The Ghost of a Political Machine: Frank Hague & Jersey City

Frank Hague. The name looms large in the political culture and public imagination of Jersey City and Hudson County, New Jersey. A few weeks ago on a Saturday morning, I attended a forum exploring the man (and his ally-cum-rival John V. Kenny) at the Five Corners branch of the Jersey City Free Public Library.

The forum included: a short documentary on Hague and Kenny, an audio recording of a speech by Frank Hague, a pair of short lectures, and a panel discussion. The program was smart and engaging. Most impressively, a roving department of the public library, displaced by seemingly endless renovations of the main branch, organized the event.

As Jersey City mayor, Frank Hague dominated Hudson County politics from 1917 until 1947, delivering reliable and large blocs of votes for municipal, county, state, and national elections and leading a highly effective–albeit corrupt–political machine famous for delivering services, aiding the poor, and providing free medical care.

Frank_Hague
Frank Hague, c. 1920 (Courtesy of the Library of Congress).

By the end of Hague’s political career, his political acumen had grown tired, and Hague himself failed to adapt to the changing demographics of Jersey City. Still, longtime residents and newcomers alike recount the Hague era with pride and nostalgia. Hague built the Jersey City Medical Center and Roosevelt Stadium. During Hague’s reign, Jersey City was the power in state politics and a major player in national Democratic circles. The same cannot be said about contemporary Jersey City.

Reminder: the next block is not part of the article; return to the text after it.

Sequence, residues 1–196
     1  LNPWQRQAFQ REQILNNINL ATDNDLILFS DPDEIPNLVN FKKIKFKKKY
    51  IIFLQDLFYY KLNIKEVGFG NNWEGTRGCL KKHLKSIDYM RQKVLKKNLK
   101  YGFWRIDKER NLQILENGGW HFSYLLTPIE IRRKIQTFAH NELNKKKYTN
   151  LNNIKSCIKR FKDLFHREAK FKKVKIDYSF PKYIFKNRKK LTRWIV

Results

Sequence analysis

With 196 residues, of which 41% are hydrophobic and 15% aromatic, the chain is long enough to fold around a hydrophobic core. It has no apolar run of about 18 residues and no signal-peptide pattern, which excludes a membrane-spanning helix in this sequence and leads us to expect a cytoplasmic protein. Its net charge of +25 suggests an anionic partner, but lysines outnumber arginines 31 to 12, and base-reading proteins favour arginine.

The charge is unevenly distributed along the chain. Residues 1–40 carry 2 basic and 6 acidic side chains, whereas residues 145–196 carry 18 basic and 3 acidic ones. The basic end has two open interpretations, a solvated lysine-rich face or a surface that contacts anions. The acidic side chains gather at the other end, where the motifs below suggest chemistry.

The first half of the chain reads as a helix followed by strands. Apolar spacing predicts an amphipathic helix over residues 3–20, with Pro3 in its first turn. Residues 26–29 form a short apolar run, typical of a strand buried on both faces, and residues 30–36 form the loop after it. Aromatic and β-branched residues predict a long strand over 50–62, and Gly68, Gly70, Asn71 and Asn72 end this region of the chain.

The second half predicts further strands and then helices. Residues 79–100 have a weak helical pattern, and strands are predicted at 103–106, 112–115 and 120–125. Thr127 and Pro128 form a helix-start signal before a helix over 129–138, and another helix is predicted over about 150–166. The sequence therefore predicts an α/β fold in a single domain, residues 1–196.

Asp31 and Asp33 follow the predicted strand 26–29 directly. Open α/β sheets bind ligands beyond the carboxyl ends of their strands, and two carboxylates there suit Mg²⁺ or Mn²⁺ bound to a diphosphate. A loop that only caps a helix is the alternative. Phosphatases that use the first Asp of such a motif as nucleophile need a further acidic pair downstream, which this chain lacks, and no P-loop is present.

While watching the film and later listening to the panel discussion, a few particular thoughts wedged themselves in my mind.

Frank Hague mastered the world of big city machine politics. Boston, Kansas City, Chicago, and New York were controlled by agile, canny, and, yes, disreputable, political machines. Frank Hague perceived himself and his machine as equals to their counterparts in Boston or New York in power, status, and reach. Furthermore, he saw his hometown, Jersey City, as equal to any great American city.

Frank Hague’s Jersey City—dominated by flashy, pugilistic, willy, Irish Catholic politicians–has passed. One library panelist, James T. Fisher, author of On the Irish Waterfront bluntly stated: “That world is gone.” The citizens of Frank Hague’s world disappeared into the suburbs and shore towns. Although diminished in numbers, Irish-Americans exerted an out-sized influence in Jersey City politics until very recently. Prior to the 2013 municipal election, Irish politicians held the mayor’s office and the city council presidency. Currently and likely one of the rare times in the past century, not a single Irish-American serves on the Jersey City council. As Jersey City continues to change, a new Irish-American order will not likely emerge.

Beyond local history buffs and niche scholars, Frank Hague remains unstudied and unknown. I suspect that the acceptable anti-Jersey prejudice partially explains this gap in scholarship. Sadly enough, a lack of hard documentary evidence might prevent aspiring authors from attempting to pen an authoritative biography of Frank Hague and his era in Jersey City.

Why is the story of Frank Hague important to today’s Jersey City, especially its growing minority, non-white, and very non-Irish populations? Frank Hague reveals the past swagger and pivotal position of Jersey City and hints at its future possibilities. Jersey City needs to think big again. Our current mayor, Steven Fulop, set the goal of making Jersey City the “best mid-sized city” in America. Although maladroit in his phrasing, Fulop aspires for a greater role and stature for Jersey City. It’s a start. The question remains: Will we need another Frank Hague to get there?

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